National Weather Service United States Department of Commerce

Calm Midweek, Before Weekend Winter Storm?

The weather pattern remains mostly quiet midweek but this may change by the weekend as confidence is increasing on a winter storm along the East Coast. On Wednesday, expect below normal temperatures for the Eastern half of the U.S., locally heavy snow in the southern Rockies and High Plains, showers and isolated thunderstorms in Florida and air stagnation issues in the Northwest. Read More >



 

General Information

What is NOAA Weather Radio?
NOAA Weather Radio All Hazards (NWR) is a nationwide network of radio stations broadcasting continuous weather information directly from the nearest National Weather Service office. NWR broadcasts official Weather Service warnings, watches, forecasts and other hazard information 24 hours a day, 7 days a week.

Working with the Federal Communication Commission's Emergency Alert System, NWR is an "All Hazards" radio network, making it your single source for comprehensive weather and emergency information. In conjunction with federal, state, and local emergency managers and other public officials, NWR also broadcasts warning and post-event information for all types of hazards, including natural (such as earthquakes or avalanches), environmental (such as chemical releases or oil spills), and public safety (such as AMBER alerts or 911 Telephone outages). NWR is the only federally operated system that broadcasts weather and emergency warnings to the public.

 

How much of the country is covered by NOAA Weather Radio?
The NOAA Weather Radio network includes over 1000 transmitters that serve an estimated 97% of the U.S. population in all 50 states, Puerto Rico, the U.S. Virgin Islands, the U.S. Pacific Territories. Adjacent coastal waters are also covered by NWR.

 

How can I listen to NOAA Weather Radio?
NOAA Weather Radio broadcasts in the VHF public service band, so you will need a special radio receiver or scanner capable of picking up the signal.

 

On what frequencies does NOAA Weather Radio operate?
NOAA Weather Radio broadcasts on seven different frequencies on the VHF public service band: 162.400; 162.425; 162.450; 162.475; 162.500; 162.525; and 162.550 megahertz (MHz).

 

What is the typical broadcast range of a NOAA Weather Radio transmitter?
The normal broadcast range of a full-power transmitter (1000 watts) over level terrain is approximately 40 miles. The effective range depends on terrain, height and power of the transmitting antenna, quality of your receiver, and whether you use an indoor or outdoor antenna.

 

On what transmitters does NWS Wilmington, Ohio broadcast?
The National Weather Service office in Wilmington, Ohio is responsible for 9 transmitters that serve its 52 counties spanning parts of Ohio, Indiana, and Kentucky. These transmitters include: Cridersville (Lima), OH; Miamisburg (Dayton), OH; Columbus, OH; Chillicothe, OH; Otway, OH; Richmond, IN; Covington, KY(Cincinnati); Maysville, KY; and Owenton, KY. Click the "Transmitters" button above for local transmitter broadcast coverage maps and frequencies.

 

I will be traveling to another part of the country. How can I check NOAA Weather Radio coverage in that area?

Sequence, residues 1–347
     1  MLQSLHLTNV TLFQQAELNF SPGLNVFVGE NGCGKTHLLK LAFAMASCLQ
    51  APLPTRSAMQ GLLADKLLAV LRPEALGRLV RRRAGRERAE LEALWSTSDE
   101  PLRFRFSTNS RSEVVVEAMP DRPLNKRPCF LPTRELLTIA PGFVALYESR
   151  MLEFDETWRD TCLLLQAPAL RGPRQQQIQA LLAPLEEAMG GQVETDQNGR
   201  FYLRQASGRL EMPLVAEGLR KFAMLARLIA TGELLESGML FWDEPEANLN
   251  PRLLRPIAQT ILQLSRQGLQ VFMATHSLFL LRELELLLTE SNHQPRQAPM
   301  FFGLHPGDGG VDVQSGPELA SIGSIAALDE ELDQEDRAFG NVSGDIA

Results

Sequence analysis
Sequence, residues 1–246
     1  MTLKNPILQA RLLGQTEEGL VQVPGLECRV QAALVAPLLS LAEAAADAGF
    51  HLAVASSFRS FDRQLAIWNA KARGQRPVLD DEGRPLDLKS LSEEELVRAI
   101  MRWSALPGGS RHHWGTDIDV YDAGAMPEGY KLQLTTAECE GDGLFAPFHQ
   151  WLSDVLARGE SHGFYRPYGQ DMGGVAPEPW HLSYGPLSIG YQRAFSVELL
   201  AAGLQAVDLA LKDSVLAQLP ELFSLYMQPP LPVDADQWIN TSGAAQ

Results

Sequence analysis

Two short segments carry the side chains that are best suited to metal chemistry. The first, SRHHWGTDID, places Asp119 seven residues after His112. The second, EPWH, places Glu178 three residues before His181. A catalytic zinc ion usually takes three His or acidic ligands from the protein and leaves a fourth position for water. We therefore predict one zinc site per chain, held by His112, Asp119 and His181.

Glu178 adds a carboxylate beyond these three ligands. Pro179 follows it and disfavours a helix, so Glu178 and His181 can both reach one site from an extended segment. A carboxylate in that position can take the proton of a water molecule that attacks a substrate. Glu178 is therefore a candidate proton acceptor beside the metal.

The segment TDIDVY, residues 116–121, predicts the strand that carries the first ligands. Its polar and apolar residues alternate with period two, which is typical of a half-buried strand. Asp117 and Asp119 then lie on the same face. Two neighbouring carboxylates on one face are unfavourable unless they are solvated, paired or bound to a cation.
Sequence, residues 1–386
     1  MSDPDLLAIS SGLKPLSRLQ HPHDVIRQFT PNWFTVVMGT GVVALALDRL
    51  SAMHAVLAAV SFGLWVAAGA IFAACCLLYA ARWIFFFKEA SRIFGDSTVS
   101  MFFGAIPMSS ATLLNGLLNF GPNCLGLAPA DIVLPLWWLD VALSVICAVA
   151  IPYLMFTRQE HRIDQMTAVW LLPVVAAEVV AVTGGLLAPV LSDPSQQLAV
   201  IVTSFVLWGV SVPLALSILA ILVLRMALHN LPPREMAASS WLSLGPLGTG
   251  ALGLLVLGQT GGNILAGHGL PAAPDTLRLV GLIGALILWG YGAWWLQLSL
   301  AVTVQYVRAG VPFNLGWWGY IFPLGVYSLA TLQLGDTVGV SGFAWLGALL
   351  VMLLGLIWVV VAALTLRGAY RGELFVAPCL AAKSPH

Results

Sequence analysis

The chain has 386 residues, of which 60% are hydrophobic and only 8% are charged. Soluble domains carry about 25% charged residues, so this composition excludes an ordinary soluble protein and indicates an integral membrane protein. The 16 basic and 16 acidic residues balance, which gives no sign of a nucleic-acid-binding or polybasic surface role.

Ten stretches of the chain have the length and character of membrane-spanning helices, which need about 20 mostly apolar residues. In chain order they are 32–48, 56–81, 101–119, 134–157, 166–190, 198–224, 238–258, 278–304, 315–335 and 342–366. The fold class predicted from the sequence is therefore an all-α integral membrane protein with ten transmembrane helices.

The National Weather Service has maps of NOAA Weather Radio coverage by state.

 

I will be traveling to Canada. Will my NOAA Weather Radio receiver work there?
Yes, it should. Weatheradio Canada broadcasts weather and environmental information 24 hours a day in English and French to over 90% of Canada on the same seven frequencies as NOAA Weather Radio (162.400 to 162.550 MHz).

 

Receiver and Reception Information

Where can I purchase a NOAA Weather Radio receiver?
While the NWS produces NOAA Weather Radio broadcasts, the NWS neither manufactures nor sells NWR receivers. You can purchase NWR receivers in a variety of sizes, styles, and prices either online or at many retail outlets such as electronics, department, sporting goods, and marine stores.

 

How much does a NOAA Weather Radio receiver cost?
NOAA Weather Radio receivers range in cost from around $20 to over $100, depending on the quality of the receiver and the features it has.

 

What types of NOAA Weather Radio receivers are available?
NOAA Weather Radio receivers come in many sizes and with a variety of functions. Depending on the information you desire and how/where you want to access our broadcasts, you have many options. Most NOAA Weather Radio receivers are either battery-operated portables or AC-powered desktop models with battery backup. There are standalone receivers that are simply used for NOAA Weather Radio, and there are also multi-band/function receivers with additional features and frequency bands (e.g. AM/FM radio).

 

What trademarks/features should I look for in a NOAA Weather Radio receiver?
We cannot recommend one brand of receiver over another, but we do recommend users look for receivers with the Public Alert™ and NOAA Weather Radio (NWR) All Hazards logos. The Public Alert Standard was developed by the Consumer Electronics Association in conjunction with NWS. Devices with the Public Alert™ logo meet certain technical standards and come with many, if not all, of the features detailed below. Devices with the NOAA Weather Radio All Hazards logo have been evaluated by the NWS for user friendliness and performance capabilities. Desirable features to look for in a NOAA Weather Radio include: